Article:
Tag Archive | OEE

OEE part 3: The model

Once we have seen a OEE introduction (link here) and the most frequent OEE calculations (link here), let’s review a model for OEE. The following graph shows:

  • the basic time blocks that impact OEE
  • typical problems that affect the time blocks
  • how to divide time to calculate typical OEE components

OEE ModelEach component helps flag certain problems:

  • A high “loading” component indicates low demand. The work center is idle most of the time. Unfortunately, there is not much to do from an engineering point of view to improve this number.
  • A high “planned downtime” component reveals:
    • the need of many scheduled corrective and preventive actions. This is a potential issue if problems are recurrent.
    • a high number of projects and updates. This is not necessarily a problem if projects are originated by new products or technologies.
  • A high “availability loss” component shows breakdowns, large adjustments, or lack of personnel, materials or systems when they are needed. The equipment definitely needs reliability improvement work, standardization and / or better scheduling to avoid starving the machines.
  • A high “performance loss” component proves low speed. Standardization and training are typical good next steps.
  • A high “quality loss” component obviously indicates that improvement must focus in getting first time quality, reducing scrap and reprocessing.

This analysis is the most important part of applying OEE to our processes. OEE is a means, not a goal. It must drive action and improve the effectiveness of our operations.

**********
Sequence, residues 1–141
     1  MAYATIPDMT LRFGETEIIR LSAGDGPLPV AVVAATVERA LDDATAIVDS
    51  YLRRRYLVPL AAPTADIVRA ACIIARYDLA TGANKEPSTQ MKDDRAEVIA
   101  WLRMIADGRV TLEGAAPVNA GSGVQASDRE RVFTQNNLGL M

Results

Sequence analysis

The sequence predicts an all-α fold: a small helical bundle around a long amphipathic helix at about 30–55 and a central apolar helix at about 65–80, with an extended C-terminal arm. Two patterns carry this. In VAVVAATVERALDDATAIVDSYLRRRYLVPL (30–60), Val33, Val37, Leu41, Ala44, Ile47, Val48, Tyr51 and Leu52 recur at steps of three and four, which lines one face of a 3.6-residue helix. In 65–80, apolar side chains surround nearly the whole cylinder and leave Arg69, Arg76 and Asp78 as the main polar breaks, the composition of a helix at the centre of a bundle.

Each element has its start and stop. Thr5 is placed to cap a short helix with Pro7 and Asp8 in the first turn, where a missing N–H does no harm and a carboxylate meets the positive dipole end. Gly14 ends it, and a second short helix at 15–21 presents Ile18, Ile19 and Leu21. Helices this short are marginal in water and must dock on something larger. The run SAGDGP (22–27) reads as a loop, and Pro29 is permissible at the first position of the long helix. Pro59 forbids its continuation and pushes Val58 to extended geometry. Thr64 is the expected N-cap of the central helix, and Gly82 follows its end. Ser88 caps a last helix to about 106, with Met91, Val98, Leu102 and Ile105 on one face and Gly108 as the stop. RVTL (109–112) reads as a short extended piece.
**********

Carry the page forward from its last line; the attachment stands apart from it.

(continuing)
OEE part 2: OEE calculations

OEE is an industrial standard metric used to track performance and find improvement opportunities (click here to read the OEE part 1 post for an introduction to OEE). OEE is basically a comparison between the Net Operation Time (ideal time needed to do a task) and the Real Operation Time (real time needed to do a task). In other words:


However, OEE is not normally calculated as NOT / ROT, but using the more familiar formula:

OEE = (Loading) x Availability x Throughput x Quality.

Here is a short description of each term:

  • (Loading): Scheduled Time (TST) / Calendar Time (TCT). Not always included in the OEE calculation. It is sometimes included as part of the availability component.
  • Availability: Running Time (RT) / Scheduled Time (TST)
  • Throughput: Total Parts / (Running Time (RT) * Cycle Time)
  • Quality: Good parts / Total Parts

OEE part2_1If we look at the formula carefully, we can see that OEE only depends on 3 terms:

  • Good parts: How many good parts have been produced
  • Available time: How long the equipment has been ready to use
  • Cycle time: The maximum possible manufacturing speed

This means that there are only 3 ways to increase equipment efficiency: a) Do more good parts in the same time, b) Use less time to do the same amount of good parts or c) Increase machine speed. The following picture shows why:

OEE2-1We still divide OEE in the 3 typical components (A x T x Q) because it helps analyze where we are having the most important problems. Let’s see those terms in detail.

The availability component shows effectiveness losses related with equipment downtime. This includes non productive time (e.g. weekends), unscheduled time (e.g. unassigned shifts), planned downtime (e.g. preventive maintenance, training, cleaning, change over and set-ups) and unplanned downtime (e.g. breakdowns)

OEE2-3The throughput component shows effectiveness losses related with low speed. This includes running at a lower-than-the-standard speed (e.g we need to run at low speed due to problems with one of the raw materials), short breakdowns (typically less than 5 minutes) and speed limitations due to regulations or machine specifications.

OEE2-4The quality component shows effectiveness losses related with defects. This includes irreparable bad parts and reprocessing time.